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Habdul Hazeez
Habdul Hazeez

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JavaScript Variables

Variables in programming are named memory locations that store data. This said data can be retrieved for later user via the name. Some programming languages allow you to assign the same name to another variables and others strictly forbid this.

The programming languages that allow the reassignment of the same variable name to another data are called loosely typed languages others that forbid this are called strongly typed languages.

JavaScript is an example of a loosely typed language.

All screenshots are from Firefox 71.0 and its Developer Tools. One particular feature in Firefox 71.0 that's worthy of mention is the multi-line code editor in the console.

Variables in JavaScript can be declared with three keywords. They are:

  • var
  • let
  • const

They literally do the same thing but with some huge differences.

Variables declared with the var keyword are the "traditional" way of declaring variables in JavaScript and you will still find them in modern code and some developers still use them and some advocate against it.

The var keyword used in ReactJS as seen in Firefox 71.0 Developer Tools
The var keyword used in ReactJS as seen in Firefox 71.0 Developer Tools

Now, you might wonder why i said the var keyword is a "traditional" way, that's because of its behavior. And prior to ES6 (ES2015) the var keyword was the only way to declare variables in JavaScript. The let keyword was introduced in ES6 to solve some of the issues that arise when using variables declared with var. We'll talk about let later.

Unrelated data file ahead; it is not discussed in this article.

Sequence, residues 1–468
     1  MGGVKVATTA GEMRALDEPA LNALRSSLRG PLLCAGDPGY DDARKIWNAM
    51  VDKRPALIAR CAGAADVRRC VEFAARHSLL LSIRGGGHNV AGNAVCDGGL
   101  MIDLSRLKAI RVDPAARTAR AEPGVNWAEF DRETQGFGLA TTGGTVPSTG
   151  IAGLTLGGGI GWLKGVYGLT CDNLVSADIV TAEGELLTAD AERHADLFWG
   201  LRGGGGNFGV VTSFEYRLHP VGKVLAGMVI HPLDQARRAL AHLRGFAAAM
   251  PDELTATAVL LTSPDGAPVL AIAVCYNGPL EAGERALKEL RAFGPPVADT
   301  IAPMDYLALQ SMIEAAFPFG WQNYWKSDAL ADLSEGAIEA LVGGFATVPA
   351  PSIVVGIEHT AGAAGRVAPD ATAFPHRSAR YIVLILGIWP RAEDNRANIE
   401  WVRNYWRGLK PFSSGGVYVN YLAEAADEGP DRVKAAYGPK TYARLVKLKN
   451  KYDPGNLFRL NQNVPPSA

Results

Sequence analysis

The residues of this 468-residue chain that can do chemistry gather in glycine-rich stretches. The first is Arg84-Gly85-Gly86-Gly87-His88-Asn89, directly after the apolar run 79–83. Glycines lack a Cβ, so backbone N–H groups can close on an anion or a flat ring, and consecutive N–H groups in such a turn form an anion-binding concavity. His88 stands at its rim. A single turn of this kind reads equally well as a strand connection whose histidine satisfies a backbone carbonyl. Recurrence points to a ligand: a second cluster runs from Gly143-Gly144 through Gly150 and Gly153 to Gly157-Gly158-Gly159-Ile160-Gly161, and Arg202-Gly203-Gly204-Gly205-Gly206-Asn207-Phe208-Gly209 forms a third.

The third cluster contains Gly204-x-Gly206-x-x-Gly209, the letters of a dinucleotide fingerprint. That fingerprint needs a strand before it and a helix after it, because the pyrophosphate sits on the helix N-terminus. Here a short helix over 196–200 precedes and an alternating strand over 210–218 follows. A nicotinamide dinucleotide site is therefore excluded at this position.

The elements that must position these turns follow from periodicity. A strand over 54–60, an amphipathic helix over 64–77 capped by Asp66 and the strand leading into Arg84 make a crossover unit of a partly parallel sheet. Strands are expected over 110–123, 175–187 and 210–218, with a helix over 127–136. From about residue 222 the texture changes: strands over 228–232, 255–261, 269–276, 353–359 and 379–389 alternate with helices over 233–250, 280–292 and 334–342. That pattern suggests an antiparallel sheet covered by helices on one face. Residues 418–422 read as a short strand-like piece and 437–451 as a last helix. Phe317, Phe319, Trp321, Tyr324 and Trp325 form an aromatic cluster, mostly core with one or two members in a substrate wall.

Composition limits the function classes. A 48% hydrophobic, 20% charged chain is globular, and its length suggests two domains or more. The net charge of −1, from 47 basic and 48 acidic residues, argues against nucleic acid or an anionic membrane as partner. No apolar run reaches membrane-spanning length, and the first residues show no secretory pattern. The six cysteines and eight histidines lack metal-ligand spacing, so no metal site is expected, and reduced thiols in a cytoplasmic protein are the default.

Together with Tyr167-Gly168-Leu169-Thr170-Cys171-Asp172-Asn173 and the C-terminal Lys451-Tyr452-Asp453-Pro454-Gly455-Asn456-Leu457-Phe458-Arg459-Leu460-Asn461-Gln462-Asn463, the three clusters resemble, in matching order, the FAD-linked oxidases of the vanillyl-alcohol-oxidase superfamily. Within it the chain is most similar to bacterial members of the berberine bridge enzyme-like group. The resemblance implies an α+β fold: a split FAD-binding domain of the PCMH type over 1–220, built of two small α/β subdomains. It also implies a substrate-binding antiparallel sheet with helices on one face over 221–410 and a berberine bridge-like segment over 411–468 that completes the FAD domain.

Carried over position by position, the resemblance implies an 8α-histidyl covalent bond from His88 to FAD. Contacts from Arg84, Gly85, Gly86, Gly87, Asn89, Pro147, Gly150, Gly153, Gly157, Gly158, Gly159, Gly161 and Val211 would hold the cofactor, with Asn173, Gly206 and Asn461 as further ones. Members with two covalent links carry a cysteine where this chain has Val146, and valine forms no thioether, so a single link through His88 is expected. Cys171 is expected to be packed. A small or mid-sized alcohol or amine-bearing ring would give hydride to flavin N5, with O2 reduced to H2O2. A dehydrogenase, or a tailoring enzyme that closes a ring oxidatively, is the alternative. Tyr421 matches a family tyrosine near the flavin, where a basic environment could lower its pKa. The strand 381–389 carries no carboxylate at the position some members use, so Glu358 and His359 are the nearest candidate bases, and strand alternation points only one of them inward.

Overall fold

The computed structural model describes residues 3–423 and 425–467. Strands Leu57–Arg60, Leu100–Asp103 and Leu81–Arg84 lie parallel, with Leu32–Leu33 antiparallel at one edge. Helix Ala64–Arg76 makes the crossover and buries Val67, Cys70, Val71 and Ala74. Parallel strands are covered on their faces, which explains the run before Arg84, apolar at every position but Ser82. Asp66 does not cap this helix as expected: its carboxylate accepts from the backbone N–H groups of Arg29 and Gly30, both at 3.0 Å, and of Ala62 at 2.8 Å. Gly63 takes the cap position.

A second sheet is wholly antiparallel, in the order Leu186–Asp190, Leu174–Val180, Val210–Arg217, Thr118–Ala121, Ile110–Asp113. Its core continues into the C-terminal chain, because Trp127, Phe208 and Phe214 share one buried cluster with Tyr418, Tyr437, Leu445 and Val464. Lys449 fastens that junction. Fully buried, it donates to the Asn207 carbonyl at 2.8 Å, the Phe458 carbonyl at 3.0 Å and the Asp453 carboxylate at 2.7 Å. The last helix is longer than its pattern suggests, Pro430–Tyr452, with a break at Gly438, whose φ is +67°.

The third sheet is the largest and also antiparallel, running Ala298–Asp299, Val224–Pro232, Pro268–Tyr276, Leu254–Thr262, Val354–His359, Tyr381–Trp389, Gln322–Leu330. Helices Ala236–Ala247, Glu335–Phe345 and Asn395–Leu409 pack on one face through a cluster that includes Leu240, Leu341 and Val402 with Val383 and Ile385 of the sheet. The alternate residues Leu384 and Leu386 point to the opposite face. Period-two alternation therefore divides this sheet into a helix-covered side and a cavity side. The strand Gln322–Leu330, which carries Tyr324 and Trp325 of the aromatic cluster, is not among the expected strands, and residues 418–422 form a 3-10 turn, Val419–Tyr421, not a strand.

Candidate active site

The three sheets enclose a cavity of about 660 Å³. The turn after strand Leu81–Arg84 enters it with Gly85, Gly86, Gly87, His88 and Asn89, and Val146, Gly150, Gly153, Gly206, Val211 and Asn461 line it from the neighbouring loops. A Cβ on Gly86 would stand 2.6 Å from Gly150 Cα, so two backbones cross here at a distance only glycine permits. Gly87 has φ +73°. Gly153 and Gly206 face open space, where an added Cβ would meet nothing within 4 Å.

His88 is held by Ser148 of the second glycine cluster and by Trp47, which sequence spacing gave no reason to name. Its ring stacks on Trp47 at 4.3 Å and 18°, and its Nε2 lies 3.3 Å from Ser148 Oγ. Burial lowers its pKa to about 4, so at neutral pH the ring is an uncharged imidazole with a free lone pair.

The question you might ask is: What behavior are you talking about?

The behavior is called hoisting. From a beginners perspective hoisting is an advanced JavaScript concept but, it will be of great help if you know about it when starting out with JavaScript.

Let's talk about it briefly and we'll provide an additional learning resource if you decide to go deep and learn this further.

Hoisting means regardless of where a variable is declared, it is moved to the top of the scope in which it is defined.

That's the basic definition. Let's see some code.

Take a look at the image below. We called variable a before declaring it but due to hoisting the variable still get the value 10 after the code is executed.

Variable hoisting as seen in Firefox 71 Developer Tools

Mind you i have docked the Developer Tools into a separate window. If you've followed this series up to this point i believe you should be able to do this.

This is just a basic example and its enough to get you started.

This particular hoisting behavior also applied to functions as we'll see later in the series.

If you will like to take a deep dive into hoisting, please read the following post by lydia hallie.

The let keyword was introduced in ES6 (ES2015). Any variable declared with the let keyword cannot be called before being created.

We'll revisit our previous example by changing var to let.

Variable declaration in JavaScript

When the code is executed you will get an error stating ReferenceError: can't access lexical declaration 'a' before initialization.

Reference error shown in Firefox developer tools

But, in the source code after the variable is declared with let you can assign another value then the code will execute just fine.

Variable declaration shown in Firefox devtools

const on the other does not allow this.

The const keyword was introduced in ES6 (ES2015) alongside let and unlike let you cannot assign another value to a variable declared with const.

If you try to assign another value to a variable declared with const you will get an invalid assignment Type error.

Type error shown in firefox devtools

There is more to JavaScript variables than what we've discussed here but this is enough to get you started.

Up next, Arrays.

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